The Adirondack Council also supports new legislation that would implement the constitutional amendment approved by the voters in 2013, correcting one-hundred year old title errors for nearly 200 landowners and public facilities on Raquette Lake. The state’s attempts to resolve those disputes in court mostly failed. To resolve the issue amicably, landowners agreed to pay a fee into a state account, based on the amount of land they have. The money was to be used to purchase the Marion River Carry parcel and add it to the Forest Preserve. The Adirondack Council supports the legislation, sponsored by Sen. Hugh Farley, R-Schenectady.

The Adirondack Council only supports proposed constitutional amendments that are limited, specific and narrow in scope and address a documented public need, when there is no other alternative, and when there is a clear net benefit to the Forest Preserve. In some cases, other criteria apply. These two proposals meet the Council’s principles, and criteria for support.

Finally, the Adirondack Council supports a proposed constitutional amendment that would remove the former Camp Gabriels State Prison from the Forest Preserve near Saranac Lake. Several years ago, the state subdivided the prison campus to separate the forest lands from the buildings and add them to the adjacent Forest Preserve. This left only the land under the buildings to be sold. However, after a state auction, the winning bidders told state officials they could not obtain title insurance because the title company was unsure whether the state had a legal right to sell the land. The Forever Wild clause prohibits state officials from selling Forest Preserve lands without permission from the voters. This bill is also sponsored by Sen. Little.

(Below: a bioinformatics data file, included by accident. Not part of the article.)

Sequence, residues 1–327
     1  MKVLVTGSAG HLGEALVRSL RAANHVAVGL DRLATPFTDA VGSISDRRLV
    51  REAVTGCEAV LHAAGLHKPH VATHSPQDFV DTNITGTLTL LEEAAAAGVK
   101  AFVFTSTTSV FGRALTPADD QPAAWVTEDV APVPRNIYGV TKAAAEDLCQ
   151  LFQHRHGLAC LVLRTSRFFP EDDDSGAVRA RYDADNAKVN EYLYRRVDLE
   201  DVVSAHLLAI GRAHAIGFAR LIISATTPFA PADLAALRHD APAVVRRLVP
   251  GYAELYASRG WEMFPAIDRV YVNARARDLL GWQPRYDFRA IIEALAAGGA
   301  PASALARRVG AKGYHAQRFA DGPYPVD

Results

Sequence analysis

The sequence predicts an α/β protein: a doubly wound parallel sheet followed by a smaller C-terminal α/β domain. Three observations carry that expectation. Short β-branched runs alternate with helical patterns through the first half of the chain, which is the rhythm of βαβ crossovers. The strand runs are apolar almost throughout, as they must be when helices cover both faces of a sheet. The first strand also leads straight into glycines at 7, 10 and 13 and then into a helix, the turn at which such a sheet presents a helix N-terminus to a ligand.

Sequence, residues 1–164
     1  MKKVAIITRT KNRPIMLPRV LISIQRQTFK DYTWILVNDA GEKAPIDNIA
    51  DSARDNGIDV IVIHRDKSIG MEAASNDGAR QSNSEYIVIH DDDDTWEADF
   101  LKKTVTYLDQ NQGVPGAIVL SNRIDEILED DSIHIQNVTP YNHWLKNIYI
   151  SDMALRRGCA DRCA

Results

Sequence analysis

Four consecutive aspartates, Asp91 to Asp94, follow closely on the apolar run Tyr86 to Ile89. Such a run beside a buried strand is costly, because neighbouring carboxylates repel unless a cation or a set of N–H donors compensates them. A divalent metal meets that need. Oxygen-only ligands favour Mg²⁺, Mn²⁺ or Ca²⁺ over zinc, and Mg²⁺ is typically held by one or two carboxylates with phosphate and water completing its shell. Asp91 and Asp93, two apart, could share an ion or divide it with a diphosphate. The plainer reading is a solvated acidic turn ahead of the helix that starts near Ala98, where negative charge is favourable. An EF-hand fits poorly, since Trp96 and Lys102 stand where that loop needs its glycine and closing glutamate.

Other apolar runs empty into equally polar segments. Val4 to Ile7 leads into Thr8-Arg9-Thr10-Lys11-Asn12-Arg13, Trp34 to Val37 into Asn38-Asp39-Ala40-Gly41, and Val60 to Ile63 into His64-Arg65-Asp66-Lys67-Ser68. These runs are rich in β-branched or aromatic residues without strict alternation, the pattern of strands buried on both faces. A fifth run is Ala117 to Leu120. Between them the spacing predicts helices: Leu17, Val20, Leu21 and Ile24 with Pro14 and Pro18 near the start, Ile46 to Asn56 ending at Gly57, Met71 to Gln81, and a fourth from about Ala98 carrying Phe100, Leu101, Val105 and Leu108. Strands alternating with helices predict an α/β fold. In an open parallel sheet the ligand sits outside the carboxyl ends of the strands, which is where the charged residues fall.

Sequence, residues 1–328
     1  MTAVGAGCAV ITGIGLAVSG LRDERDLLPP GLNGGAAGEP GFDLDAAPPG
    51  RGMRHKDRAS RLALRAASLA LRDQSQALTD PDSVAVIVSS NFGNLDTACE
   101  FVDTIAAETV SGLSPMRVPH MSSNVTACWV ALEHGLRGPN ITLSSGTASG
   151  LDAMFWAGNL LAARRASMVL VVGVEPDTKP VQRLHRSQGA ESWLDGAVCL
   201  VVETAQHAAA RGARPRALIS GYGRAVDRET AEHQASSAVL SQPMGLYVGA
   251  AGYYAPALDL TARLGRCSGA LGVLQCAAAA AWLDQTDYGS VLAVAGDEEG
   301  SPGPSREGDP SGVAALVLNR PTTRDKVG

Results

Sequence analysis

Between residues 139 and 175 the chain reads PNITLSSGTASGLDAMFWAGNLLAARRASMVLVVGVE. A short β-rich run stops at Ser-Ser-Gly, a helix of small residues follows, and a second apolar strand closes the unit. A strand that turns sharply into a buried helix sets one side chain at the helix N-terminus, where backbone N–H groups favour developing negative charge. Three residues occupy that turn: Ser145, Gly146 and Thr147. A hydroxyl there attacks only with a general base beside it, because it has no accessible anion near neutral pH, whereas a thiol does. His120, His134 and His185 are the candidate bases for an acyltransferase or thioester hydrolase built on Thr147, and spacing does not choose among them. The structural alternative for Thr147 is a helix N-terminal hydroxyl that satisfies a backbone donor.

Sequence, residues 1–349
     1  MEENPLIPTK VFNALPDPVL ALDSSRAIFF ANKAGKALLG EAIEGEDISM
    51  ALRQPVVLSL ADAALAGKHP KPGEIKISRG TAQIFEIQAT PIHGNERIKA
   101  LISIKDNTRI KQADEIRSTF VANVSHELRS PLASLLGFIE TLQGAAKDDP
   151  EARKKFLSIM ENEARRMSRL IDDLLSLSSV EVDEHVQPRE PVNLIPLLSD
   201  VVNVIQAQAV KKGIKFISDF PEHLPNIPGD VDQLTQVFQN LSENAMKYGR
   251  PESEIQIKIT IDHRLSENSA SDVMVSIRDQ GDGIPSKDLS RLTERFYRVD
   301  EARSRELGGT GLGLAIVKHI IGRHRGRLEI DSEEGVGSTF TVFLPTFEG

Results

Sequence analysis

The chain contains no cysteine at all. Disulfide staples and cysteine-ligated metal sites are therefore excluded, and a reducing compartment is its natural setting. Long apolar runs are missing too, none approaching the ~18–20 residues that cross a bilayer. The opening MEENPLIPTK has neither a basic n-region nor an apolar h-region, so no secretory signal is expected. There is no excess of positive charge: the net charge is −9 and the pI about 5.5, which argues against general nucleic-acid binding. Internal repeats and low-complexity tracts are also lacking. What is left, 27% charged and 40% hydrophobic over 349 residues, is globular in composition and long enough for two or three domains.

The Adirondack Council is urging New York’s legislators to vote for and approve these pro-Adirondack Park measures before they finish their work June 16.


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William C. (Willie) Janeway returned to the Adirondacks to become the Executive Director and leader of the Adirondack Council in May 2013 after close to six years as the Regional Director for the State Department of Environmental Conservation Hudson Valley/Catskill Region. He brings to the Adirondack Council team a life-long passion and interest in the Adirondacks and nearly 30 years of experience as a professional conservationist, fundraiser, administrator, coalition builder and advocate for the environment.

After graduating from St. Lawrence University where he majored in economics and environmental studies, Willie lived in the Adirondacks for nine years while working for the Adirondack Mountain Club as the first Trails Coordinator, and North Country Director.  Willie also served as the first Executive Director of the Albany Pine Bush Preserve Commission, Executive Director of the Hudson Valley Greenway, and State Director of Government Relations for The Nature Conservancy.

When not working Willie can be found outdoors. He is an Adirondack 46er, a year-round hiker and skier, a runner and a fisherman.  He and his family share a camp in the Park.  Willie and his wife Mary live in Keene.